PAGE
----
Momentum investing

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Momentum Investing

An investment philosophy in which the investor buys (or short sells) securities that had been performing well over the previous three to 12 months and sells those that have been performing poorly over the same period. This is a form of short-term investing based on the underlying belief that trends generally continue for a long period of time. This belief is at odds with efficient markets theory, because momentum investing assumes that even inefficiently priced securities tend to remain inefficiently priced. Economists therefore disagree on whether momentum investing is a sound investment strategy. See also: Market momentum.

Momentum investing.

A momentum investor focuses on stocks that are rising in value on increasing daily volume, and avoids stocks that are falling in price or that are perceived to be undervalued.

The logic is that when a pattern of growth has been established, it will continue to gain momentum and the growth will continue. Momentum investing is essentially the opposite of contrarian investing.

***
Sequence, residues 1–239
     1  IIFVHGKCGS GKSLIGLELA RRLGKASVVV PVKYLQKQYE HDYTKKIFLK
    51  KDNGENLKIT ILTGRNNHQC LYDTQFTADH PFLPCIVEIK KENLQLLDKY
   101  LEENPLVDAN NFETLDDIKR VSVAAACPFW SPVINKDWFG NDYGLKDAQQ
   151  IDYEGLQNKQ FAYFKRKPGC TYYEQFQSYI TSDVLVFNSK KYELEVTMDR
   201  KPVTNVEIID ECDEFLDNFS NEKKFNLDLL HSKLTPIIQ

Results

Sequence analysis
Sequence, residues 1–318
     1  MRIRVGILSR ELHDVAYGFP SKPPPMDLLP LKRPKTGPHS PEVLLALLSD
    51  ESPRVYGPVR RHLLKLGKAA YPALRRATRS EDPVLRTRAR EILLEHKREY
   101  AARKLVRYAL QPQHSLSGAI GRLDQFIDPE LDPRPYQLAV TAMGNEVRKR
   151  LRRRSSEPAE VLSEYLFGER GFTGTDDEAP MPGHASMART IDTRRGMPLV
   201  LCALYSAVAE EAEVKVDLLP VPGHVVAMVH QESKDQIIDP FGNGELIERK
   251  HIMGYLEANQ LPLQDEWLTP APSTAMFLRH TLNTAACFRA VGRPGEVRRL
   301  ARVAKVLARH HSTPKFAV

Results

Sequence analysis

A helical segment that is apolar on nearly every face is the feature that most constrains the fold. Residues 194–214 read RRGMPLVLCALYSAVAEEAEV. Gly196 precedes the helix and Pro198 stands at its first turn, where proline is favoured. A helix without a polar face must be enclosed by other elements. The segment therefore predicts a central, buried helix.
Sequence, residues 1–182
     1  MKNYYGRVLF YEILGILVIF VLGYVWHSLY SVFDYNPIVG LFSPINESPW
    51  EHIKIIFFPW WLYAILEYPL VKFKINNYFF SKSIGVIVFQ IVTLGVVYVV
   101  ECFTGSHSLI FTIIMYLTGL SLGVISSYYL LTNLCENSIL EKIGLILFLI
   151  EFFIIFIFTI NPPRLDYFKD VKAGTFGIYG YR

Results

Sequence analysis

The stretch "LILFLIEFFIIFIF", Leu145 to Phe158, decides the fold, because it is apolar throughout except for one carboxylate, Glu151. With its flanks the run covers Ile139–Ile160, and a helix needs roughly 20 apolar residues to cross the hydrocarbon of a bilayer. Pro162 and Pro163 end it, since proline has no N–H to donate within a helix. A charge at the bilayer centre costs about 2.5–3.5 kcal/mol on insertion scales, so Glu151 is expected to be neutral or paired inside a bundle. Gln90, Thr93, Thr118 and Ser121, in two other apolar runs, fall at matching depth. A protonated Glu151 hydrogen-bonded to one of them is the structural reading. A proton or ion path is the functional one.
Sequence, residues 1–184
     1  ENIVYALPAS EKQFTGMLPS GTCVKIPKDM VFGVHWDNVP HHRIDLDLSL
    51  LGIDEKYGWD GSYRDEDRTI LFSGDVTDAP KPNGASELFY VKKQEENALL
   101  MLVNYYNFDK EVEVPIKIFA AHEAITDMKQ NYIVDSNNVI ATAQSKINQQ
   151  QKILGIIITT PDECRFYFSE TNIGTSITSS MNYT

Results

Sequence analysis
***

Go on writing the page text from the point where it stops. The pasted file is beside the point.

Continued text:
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Turning on its head the "raging debate" on which investment style is better: value verses momentum, AQR's Ronen Israel set out to prove that like the Taste Great/Less Filling fight over beer, value and momentum investing perform better together, than apart.
20660), authors Benjamin Chabot, Eric Ghysels, and Ravi Jagannathan provide new evidence on the risks and returns of momentum investing using historical data from Victorian Era London and the mid-1920s to the present-day United States.
The Fool responds: Momentum investing is problematic.
Dual Momentum Investing details the author's own momentum investing method that combines U.
Precious metals fund investors could have benefitted from momentum investing in 2010, when that category set the pace, but the price of gold has soared so rapidly that further growth may be difficult to sustain.
CLIFF ASNESS IS known as a hedge fund manager who caters to institutions, is a true believer in momentum investing, and despite his University of Chicago credentials, a heretic who rejected Fama-French dogma on the efficient markets to build his own investing doctrine using, the often-criticized concept called momentum investing.
In an article published earlier, he wrote the two value investing and momentum investing are like oil and water, but combining the two can be deployed as a strategy.
The desire to chase shares higher is referred to as momentum investing.
Some analysts believe in momentum investing ("don't fight the tape"), so favorable sentiment is a bullish sign.
The authors' momentum investing argument is too strong.
That's because the short positions in long/short equity baskets have been pounded because of momentum investing and all the money flowing into mutual funds, which invest in small capital stocks that are popular shorting targets.